Saturday was spent unsuccessfully hunting pigs. I kept an eye and ear open for turkeys, but the few gobbles I heard were far away and on other ranches. I felt some validation for my decision. I had grilled turkey for dinner, which turned out great.

Sunday, prior to sunup, found me sitting in deep brush, hoping that the two-foot long copperhead snake I encountered on the walk would be the only one I would see that day, and that the pigs would come back to the scene of their crime. The pigs declined, but I enjoyed the morning, listening closely as the woods came to life. I heard a distant tom, and thought he was especially fired up this morning − aggressively gobbling to every noise. Then all of a sudden, his gobbles were closer, only

300– 400 yards away.
Like most avid turkey hunters, I have experimented

with making turkey calls with just my voice. That would be the ultimate feat of calling for me. I have never had the courage to limit myself to just my vocal

cords with a big gobbler on the other end of the conversation. Here was my chance to find out. I

attempted some plaintive yelps, and was rewarded with aggressive gobbles in return.

Whether decades of piddling allowed me to sound like a lovelorn hen, or whether the

tom was so fired up, it didn’t matter what I sounded like − on this day, it worked. The gobbles continued in response to each call, and he was obviously closing the distance. Once I felt he was committed, I shut up and

waited. He snuck in a few minutes later. He was bigger than the gobbler I had taken on

Friday. When he didn’t see a hen, he began to put on a show. He was only 30 yards away, and I

had a front row seat. I never thought about the gun across my knees.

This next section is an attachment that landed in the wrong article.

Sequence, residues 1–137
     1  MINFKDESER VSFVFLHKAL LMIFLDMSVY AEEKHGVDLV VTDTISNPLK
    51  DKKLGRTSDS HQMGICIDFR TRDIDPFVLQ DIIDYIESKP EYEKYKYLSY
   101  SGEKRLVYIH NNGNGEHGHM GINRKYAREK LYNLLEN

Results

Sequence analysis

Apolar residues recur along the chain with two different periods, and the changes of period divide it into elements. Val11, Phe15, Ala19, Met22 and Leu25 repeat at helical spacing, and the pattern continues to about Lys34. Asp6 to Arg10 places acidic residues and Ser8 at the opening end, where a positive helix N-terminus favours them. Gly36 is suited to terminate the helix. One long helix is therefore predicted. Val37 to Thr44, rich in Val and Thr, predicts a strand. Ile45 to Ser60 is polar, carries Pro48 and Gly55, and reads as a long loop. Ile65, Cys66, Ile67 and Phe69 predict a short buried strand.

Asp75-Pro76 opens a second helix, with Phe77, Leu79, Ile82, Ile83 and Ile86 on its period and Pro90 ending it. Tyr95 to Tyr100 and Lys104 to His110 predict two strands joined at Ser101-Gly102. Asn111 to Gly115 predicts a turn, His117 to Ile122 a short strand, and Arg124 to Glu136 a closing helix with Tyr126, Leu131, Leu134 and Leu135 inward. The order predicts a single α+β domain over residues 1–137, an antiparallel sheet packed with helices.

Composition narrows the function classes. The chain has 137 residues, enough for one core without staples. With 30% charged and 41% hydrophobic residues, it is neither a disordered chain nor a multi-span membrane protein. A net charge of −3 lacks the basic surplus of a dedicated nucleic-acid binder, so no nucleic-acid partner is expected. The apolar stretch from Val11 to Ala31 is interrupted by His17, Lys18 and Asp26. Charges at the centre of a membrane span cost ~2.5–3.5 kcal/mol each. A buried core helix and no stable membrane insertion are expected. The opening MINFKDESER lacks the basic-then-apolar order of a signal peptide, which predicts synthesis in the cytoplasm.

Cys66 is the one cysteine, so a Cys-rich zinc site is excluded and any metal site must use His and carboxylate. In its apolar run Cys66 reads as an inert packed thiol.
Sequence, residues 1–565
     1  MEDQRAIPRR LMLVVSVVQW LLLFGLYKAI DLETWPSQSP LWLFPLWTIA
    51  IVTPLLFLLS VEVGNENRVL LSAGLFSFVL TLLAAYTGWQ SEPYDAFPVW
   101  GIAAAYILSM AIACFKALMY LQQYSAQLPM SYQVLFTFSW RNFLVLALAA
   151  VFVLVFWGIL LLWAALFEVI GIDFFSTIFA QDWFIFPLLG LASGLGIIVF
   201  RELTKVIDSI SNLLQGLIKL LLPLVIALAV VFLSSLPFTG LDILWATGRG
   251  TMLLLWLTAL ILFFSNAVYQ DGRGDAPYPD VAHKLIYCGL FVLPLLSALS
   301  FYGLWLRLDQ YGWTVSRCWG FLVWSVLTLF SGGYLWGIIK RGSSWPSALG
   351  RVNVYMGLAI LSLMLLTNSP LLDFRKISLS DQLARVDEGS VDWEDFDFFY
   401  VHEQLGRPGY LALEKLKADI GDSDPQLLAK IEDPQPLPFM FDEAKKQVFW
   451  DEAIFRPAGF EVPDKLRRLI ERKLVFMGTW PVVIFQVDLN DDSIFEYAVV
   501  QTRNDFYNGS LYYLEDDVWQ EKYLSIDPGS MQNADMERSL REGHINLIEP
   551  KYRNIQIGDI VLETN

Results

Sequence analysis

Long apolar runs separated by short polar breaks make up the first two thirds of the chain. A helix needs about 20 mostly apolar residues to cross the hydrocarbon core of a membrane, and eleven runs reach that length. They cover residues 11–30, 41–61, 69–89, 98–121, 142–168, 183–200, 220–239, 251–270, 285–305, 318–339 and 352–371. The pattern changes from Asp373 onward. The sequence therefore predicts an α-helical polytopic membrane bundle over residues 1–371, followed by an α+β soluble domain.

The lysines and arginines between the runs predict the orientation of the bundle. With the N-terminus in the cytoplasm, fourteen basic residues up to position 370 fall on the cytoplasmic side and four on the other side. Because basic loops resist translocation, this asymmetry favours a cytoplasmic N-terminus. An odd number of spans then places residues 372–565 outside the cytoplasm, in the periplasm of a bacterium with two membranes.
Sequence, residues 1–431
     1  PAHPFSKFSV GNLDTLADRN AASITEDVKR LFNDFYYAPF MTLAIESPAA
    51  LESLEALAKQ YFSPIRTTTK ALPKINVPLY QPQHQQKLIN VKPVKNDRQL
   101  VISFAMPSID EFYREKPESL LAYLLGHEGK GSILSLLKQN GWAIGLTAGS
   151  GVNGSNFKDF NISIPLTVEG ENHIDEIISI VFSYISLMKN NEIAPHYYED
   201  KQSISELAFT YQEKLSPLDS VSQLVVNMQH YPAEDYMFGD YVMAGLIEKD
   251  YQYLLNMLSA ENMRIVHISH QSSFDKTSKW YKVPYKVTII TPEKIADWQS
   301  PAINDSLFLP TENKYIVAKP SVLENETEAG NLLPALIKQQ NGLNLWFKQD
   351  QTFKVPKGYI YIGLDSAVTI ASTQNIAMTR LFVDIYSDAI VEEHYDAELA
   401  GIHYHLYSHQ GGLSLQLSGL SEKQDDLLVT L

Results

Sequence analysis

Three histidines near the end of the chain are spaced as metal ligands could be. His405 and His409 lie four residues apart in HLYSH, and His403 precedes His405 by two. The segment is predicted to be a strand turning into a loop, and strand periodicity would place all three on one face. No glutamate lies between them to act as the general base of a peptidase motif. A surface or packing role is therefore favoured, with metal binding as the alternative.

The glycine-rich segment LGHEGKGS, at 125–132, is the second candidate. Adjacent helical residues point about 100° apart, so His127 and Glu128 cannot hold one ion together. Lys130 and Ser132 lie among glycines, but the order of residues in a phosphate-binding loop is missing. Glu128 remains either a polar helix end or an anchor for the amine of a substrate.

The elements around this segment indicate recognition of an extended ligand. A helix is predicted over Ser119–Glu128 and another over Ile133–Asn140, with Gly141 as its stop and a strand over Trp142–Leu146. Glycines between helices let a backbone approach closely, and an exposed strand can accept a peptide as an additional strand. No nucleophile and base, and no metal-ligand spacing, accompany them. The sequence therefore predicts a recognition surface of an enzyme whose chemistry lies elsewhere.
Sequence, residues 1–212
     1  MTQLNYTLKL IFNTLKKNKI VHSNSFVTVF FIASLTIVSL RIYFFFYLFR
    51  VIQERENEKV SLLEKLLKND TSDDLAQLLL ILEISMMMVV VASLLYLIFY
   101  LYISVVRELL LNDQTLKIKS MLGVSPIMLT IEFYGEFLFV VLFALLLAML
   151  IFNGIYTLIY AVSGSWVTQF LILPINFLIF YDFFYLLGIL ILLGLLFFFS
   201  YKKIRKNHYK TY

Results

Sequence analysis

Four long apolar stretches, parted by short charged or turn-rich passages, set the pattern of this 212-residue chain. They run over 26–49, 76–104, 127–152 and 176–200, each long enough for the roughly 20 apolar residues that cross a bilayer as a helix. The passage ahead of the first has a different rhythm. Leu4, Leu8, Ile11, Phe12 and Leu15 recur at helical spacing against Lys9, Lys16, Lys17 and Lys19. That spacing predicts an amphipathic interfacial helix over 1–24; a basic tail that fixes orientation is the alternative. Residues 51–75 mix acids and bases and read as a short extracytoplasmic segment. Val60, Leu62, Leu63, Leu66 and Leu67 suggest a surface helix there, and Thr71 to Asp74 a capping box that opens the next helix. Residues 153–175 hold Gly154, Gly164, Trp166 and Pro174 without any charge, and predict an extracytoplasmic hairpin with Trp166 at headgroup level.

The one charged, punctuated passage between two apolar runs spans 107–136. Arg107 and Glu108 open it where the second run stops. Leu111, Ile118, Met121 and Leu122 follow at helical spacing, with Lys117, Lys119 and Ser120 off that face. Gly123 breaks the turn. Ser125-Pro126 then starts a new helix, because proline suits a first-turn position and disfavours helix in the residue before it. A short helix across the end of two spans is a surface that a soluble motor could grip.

The big tom would go into full strut, drum, then stop and look in all directions, gobble one or more times, then start over. For 15 minutes, he was never farther than 35 yards from me, and at times, less than 25. I tried to stay absolutely motionless, almost scared to breathe. It was impressive, it was beautiful, and it was hilarious. The tom knew he was very close to where the yelps had come from and was obviously frustrated that his invisible lady friend had seemingly wandered off. He did his best to call her back, growing more aggressive in his gobbling as time passed.

Finally, he had had enough. He turned and seemed to stomp his way back up the narrow road, still gobbling his frustration. Ten minutes later I could still hear him as he searched for a mate.

I was shaking as I usually do after a close encounter with a spring gobbler. There was a spring in my step and a smile on my face as I headed to camp and back to the real world. I was ecstatic I had been able to call him in with just my voice, blessed with his performance, and proud that I had not even considered taking him. I also had grilled turkey in the fridge, and a turkey beard and spurs in my truck. Sometimes, things just work out.